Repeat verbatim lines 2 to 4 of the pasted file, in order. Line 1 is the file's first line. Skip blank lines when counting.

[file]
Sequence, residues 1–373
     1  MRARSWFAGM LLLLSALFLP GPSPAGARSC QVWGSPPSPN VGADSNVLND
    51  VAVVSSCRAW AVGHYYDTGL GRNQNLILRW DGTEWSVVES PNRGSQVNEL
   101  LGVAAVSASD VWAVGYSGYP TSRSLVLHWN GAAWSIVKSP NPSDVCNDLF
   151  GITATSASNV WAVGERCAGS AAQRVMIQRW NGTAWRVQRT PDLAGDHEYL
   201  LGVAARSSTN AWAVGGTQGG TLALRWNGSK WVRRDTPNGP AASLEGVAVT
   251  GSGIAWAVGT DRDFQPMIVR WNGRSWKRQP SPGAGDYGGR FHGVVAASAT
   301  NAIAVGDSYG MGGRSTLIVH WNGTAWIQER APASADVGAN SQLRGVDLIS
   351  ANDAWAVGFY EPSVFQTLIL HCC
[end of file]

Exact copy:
     1  MRARSWFAGM LLLLSALFLP GPSPAGARSC QVWGSPPSPN VGADSNVLND
    51  VAVVSSCRAW AVGHYYDTGL GRNQNLILRW DGTEWSVVES PNRGSQVNEL
   101  LGVAAVSASD VWAVGYSGYP TSRSLVLHWN GAAWSIVKSP NPSDVCNDLF